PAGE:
Startups need new metrics for a tough new era

We are at the beginning of a whole new era for startups, an era in which capital is scarce.

It is no longer about growth at all costs; Business basics are back in fashion. And the bottom line for startup founders is – as always – those who adapt fastest will be those most likely to succeed.

A new era requires new metrics to track performance. Here are the benchmarks and data points every founder should follow as the tides change.

Why are we in a new era?

2022 was a watershed moment for the venture capital industry.

Not only because venture capital funding was down 35% over one year, but because there has been a radical change in the macroeconomic environment in which it operates. Specifically, the last decade of near-zero interest rates has come to an unequivocal end.

Now, capital can generate much higher returns in less risky asset classes like bonds. And the decimation of late-stage valuations has caused a flight of capital, meaning the swing from chronically unprofitable startups to later-stage funds has now come to a shuddering halt.

“In the brand new era of higher interest rates, the bar is now much, much higher for startups looking to scale”

Investors have spent the last 12 months advising founders on ‘cutting the scorch’ and ‘extending the trail’, while simultaneously speculating on when things will be ‘back to normal’ – after all, they love writing checks as much as we love receiving them. The reality, however, is that there will be no “back to normal”: in the new era of higher interest rates, the bar is now much, much higher for startups looking to raise.

Out with the old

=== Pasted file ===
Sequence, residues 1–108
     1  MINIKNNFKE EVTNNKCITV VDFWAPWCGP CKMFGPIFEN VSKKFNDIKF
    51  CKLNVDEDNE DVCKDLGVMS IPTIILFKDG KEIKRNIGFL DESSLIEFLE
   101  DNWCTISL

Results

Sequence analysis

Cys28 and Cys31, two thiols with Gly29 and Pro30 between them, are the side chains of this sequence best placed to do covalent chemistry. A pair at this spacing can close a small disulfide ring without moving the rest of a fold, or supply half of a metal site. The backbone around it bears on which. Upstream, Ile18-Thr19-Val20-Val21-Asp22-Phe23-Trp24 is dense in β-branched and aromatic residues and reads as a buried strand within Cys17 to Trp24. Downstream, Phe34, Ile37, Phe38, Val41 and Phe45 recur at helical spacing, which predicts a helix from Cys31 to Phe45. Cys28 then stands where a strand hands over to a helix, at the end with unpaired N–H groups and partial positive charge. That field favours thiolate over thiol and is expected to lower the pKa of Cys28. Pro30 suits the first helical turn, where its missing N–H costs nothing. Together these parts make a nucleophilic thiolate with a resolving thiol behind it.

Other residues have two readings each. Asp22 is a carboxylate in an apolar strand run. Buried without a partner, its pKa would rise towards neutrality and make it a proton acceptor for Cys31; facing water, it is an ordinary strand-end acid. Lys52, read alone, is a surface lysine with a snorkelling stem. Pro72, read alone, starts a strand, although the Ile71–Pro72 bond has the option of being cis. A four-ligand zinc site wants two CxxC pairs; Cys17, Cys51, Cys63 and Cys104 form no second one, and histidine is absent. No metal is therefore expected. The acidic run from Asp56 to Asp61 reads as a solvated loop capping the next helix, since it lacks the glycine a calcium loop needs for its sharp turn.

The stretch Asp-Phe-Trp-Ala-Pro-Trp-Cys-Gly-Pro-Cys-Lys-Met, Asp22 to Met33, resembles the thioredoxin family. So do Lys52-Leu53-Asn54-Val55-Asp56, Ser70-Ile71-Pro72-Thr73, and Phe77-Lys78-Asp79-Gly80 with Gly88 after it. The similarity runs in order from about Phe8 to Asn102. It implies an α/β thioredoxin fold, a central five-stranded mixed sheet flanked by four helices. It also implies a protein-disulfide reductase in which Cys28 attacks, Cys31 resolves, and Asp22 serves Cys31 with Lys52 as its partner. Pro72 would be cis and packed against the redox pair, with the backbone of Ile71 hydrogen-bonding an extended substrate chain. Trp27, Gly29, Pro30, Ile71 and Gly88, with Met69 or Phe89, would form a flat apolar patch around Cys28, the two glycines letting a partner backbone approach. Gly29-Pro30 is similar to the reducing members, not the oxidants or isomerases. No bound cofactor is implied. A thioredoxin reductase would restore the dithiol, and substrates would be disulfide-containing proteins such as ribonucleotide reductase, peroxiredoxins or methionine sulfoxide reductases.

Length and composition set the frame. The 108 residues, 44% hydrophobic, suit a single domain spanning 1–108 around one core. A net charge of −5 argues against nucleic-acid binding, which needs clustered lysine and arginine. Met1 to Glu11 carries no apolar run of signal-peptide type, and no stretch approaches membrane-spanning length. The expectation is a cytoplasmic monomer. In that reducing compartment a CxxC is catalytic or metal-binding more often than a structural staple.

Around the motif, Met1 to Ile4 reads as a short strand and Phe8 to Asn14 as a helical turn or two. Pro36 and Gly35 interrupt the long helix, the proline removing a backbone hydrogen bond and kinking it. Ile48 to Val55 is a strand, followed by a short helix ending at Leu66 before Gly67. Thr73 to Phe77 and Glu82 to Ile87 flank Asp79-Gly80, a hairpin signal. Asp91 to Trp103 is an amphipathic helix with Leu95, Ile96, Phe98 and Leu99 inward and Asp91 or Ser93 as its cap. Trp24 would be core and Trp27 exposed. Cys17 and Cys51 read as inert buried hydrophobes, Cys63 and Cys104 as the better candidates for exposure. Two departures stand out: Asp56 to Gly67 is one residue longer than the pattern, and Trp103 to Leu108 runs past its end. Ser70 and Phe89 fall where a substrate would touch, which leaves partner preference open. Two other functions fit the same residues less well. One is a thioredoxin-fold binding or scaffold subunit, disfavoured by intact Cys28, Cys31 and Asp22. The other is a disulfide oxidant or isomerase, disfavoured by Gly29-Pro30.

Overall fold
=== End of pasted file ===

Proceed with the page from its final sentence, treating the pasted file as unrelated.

In the old world of capital-fueled growth, founders primarily ran their businesses by focusing on the monthly growth of their North Star metric – the one metric they chose as a general guide to the business.

Metrics such as gross merchandise value (GMV), number of transactions, number of registered accounts/customers, contract revenue, and even monthly active users (MAUs) were all in the running. The ratio of customer acquisition costs to customer lifetime value (CAC/LTV) was also a popular metric. It was a nod to business fundamentals, because – in a world of almost free capital – if you could make the unitary economy work, it made sense to grow as quickly as possible.

While these metrics are always useful for giving a sense of business momentum, they aren’t particularly good at indicating the true underlying health and longer-term prospects of the business. This is where new era metrics come in.

With the new

With the easy money period over, founders must now focus on the sustainability of their business, as they will likely find it more difficult to raise external capital. Plus, having strong trading fundamentals also makes you much more investable.

“With the end of easy money, founders must now focus on the sustainability of their business, as they are likely to find it more difficult to raise external capital”

Here are some things to consider when setting your leading metrics for 2023:

North Star Metric — Should your North Star metric be reviewed in light of this brave new world? To Olio we’ve changed ours from the number of ads coming to the app (because we’ve always been a limited-supply market) to annual recurring revenue (ARR), in recognition of the fact that revenue trumps growth in this new environment.

Burn multiple — This is a metric that has burst onto the scene in recent months and is essentially an indicator of how efficiently a business is growing. It measures how much a startup spends to generate each additional dollar of ARR and is calculated by dividing the net annual burn rate by the net new ARR. A burn multiple of <1x est considéré comme incroyable, 1-1,5x est excellent, 1,5-2x est bon, 2-3x est suspect et >3x is bad.